It is only good USAID was recently kicked out of Russia...

September 22, 2012 | Registered CommenterLeoš Tomíček

Well, if you need more try reading the whole paper: http://www.harvard-bssp.org/static/files/327/Organized_Crime_in_Black_Sea.pdf

Also, the piece mentions a book coming out: 'Dr. Lada Roslycky’s book The Soft Side of Dark Power will be published later this year, and a Russian version of the book is currently being translated'

September 22, 2012 | Unregistered CommenterHistorical Hack

@ Hack

A very poor paper, an outline of international cooperation and no more. ;-)

September 22, 2012 | Registered CommenterLeoš Tomíček

For some reason, I couldn't get the pdf to open up. Looks like I'll have to wait for the book to come out. In the meantime, I'll defer to your opinion of the paper....:-)

September 22, 2012 | Unregistered CommenterHistorical Hack

@Historical Hack

Western NGO's, media, writers and "historians" promote ethnic separatism either fully as a state or communities within Russia amongst any ethnic group in Russia and the near abroad as long as they are anti-Russian.
Good case in point is The Jamestown Foundation supporting and lobbying for Chechen groups in the US and hard line Circassians among the Circassian diaspora.

As for the Crimea and Crimean Tatars that has been in British regional geo-politics since the Crimean war as a means to expel the Russian Naval fleet from the Black Sea.

I have posted before the 1998 DIA US intelligence report that Khattab was training or attempting to train Crimean Tatars and Muslims in Russia so when there is a major economic crisis they can capitalise on it activating his sleeper cells initiating a civil war in Russia.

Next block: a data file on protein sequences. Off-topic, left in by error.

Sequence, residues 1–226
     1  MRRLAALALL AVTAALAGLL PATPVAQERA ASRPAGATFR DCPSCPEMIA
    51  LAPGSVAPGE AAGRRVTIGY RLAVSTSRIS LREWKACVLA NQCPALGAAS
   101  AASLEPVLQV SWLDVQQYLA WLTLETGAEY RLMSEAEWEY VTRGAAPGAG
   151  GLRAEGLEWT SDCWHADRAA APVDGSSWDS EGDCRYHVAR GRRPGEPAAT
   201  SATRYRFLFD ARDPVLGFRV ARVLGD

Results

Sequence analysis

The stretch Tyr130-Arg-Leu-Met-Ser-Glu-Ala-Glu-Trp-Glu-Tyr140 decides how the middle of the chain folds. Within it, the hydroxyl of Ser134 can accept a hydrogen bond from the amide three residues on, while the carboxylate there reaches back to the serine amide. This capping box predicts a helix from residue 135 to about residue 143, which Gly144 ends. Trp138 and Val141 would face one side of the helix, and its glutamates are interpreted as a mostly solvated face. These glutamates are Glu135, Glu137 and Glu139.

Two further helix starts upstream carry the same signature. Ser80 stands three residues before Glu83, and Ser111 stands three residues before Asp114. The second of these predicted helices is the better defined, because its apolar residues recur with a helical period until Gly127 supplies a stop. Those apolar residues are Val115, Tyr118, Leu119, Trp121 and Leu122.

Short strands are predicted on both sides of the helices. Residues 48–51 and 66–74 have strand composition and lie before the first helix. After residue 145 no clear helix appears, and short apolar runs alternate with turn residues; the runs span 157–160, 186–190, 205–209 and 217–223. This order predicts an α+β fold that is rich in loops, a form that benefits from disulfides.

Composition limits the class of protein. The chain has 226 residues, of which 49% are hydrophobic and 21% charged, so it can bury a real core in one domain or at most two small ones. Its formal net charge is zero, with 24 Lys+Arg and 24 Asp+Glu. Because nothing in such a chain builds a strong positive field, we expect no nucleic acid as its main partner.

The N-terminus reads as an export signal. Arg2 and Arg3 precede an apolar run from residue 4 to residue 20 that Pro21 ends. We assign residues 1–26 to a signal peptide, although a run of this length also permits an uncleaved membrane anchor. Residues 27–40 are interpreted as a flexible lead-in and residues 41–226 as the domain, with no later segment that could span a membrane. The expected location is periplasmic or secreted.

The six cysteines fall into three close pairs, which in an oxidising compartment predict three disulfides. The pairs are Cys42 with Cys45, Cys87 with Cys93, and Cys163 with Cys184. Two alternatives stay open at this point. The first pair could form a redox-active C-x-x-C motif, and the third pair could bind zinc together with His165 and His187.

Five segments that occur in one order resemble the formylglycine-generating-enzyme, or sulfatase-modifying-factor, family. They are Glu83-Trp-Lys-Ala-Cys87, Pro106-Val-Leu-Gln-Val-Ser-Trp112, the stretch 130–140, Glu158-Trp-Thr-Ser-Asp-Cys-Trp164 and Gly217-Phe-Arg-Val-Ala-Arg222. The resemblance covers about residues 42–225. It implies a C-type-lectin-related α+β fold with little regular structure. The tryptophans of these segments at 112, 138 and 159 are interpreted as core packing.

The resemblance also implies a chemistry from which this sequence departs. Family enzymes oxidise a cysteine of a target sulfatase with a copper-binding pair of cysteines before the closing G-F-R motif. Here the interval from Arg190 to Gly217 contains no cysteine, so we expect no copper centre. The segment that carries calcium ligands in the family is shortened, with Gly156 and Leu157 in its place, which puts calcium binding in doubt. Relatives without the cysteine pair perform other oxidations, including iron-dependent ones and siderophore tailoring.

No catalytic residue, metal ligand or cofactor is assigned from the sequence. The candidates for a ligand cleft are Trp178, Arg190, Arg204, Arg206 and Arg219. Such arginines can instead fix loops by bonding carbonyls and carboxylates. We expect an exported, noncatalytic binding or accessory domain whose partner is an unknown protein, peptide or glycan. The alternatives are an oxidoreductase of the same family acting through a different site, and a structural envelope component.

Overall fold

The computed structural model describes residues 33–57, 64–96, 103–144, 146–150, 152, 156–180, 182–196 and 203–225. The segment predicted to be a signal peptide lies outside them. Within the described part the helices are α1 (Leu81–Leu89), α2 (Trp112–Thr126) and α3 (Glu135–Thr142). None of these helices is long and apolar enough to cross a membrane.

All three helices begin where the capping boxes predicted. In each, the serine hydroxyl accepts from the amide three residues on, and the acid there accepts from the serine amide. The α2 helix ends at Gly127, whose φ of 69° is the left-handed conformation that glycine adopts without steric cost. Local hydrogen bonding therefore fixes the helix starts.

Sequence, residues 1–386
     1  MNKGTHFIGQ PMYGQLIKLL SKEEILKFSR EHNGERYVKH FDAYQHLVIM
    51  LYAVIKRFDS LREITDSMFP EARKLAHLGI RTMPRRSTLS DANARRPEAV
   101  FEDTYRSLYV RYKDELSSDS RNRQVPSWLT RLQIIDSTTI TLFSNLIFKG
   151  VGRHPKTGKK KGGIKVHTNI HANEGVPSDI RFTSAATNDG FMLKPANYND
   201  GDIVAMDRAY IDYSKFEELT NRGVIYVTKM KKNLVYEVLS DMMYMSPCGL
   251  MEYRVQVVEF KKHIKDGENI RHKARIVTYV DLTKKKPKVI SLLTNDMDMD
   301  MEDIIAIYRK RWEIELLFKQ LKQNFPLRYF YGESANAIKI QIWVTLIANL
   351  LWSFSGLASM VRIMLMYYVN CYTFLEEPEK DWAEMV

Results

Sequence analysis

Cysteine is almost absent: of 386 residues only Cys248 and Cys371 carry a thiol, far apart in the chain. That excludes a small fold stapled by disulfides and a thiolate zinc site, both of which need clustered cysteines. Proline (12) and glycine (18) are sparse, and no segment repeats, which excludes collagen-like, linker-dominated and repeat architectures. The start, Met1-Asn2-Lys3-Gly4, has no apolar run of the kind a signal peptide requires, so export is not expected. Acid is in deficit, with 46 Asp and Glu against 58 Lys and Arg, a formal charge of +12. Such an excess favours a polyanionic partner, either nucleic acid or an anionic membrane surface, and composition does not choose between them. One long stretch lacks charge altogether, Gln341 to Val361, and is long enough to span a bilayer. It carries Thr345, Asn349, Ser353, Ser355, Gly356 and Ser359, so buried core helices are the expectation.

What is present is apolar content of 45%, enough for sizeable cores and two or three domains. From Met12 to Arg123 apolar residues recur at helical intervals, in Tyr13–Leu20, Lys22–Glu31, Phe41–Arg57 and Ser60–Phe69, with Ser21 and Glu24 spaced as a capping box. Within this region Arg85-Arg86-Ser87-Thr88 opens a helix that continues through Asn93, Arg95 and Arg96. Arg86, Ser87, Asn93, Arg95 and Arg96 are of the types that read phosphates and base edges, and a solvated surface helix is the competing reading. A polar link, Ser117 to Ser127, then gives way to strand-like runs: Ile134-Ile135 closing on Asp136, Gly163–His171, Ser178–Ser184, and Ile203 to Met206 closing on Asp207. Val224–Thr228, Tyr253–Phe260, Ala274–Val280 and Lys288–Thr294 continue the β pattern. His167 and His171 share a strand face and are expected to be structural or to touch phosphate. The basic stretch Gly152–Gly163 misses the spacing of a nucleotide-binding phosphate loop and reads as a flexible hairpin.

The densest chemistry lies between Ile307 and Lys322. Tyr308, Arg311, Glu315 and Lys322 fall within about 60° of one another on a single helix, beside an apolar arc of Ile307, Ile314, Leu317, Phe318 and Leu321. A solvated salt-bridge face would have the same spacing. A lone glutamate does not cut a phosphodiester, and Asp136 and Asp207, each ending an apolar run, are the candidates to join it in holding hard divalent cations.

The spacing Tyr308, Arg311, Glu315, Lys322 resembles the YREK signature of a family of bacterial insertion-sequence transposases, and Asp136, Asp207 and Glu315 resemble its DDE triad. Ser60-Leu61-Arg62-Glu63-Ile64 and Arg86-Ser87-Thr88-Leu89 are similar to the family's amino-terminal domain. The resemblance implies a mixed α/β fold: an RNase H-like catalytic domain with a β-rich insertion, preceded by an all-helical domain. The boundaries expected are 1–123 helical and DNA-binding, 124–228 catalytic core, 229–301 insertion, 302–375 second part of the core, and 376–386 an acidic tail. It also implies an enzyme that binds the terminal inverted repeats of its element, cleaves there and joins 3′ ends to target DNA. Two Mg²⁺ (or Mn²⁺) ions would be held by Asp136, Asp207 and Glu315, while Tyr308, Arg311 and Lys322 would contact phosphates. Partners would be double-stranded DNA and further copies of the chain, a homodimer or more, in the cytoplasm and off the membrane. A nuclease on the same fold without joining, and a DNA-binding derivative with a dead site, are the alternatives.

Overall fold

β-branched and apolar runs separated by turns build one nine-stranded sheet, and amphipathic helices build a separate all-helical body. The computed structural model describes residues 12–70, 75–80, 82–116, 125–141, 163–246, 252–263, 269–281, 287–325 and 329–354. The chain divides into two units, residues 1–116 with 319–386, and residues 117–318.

As for organised crime in the Black Sea it is notoriously Jewish like all the major organised crime clans in Russia with the exception of Chechens and reported connections to former KGB/GRU intelligence officials of various ethnicities.

http://www.network54.com/Forum/155335/thread/1018288558/last-1029543413/Russian%2C+Ukrainian+Crime+Groups+Set+to+Corner+Global+Drug+Market

September 23, 2012 | Unregistered Commenterjack

'Western NGO's, media, writers and "historians" promote ethnic separatism either fully as a state or communities within Russia amongst any ethnic group in Russia and the near abroad as long as they are anti-Russian. '

So if it weren't for these western NGO's, all of the different national and ethnic groups within and close to Russia would all be happily and pliantly more open to the heavy hand of Moscow, and its centuries old policies of divide and counquer? How many different ethnic groups are wtihin Russia itself? How many ex-satellite countries does Russia still wish to control??

'As for organised crime in the Black Sea it is notoriously Jewish like all the major organised crime clans in Russia with the exception of Chechens and reported connections to former KGB/GRU intelligence officials of various ethnicities.'

Jack - last I heard it was Putin himself who was the head of all of the activities of former KGB operations in Russia and the 'near abroad' and 'far abroad'. I'll let you make your own conclusions........

September 23, 2012 | Unregistered CommenterHistorical Hack

@ Hack

One could ask whether without Moscow's support there would be no Russophiles in Ukraine? Which is exactly what you claim above.

September 23, 2012 | Registered CommenterLeoš Tomíček

Leos - would it really be all that difficult or inprobable to use the information given in the above quotation relating to the Crimea, and extrapolate it to the rest of Ukraine??.........

September 23, 2012 | Unregistered CommenterHistorical Hack

@ Hack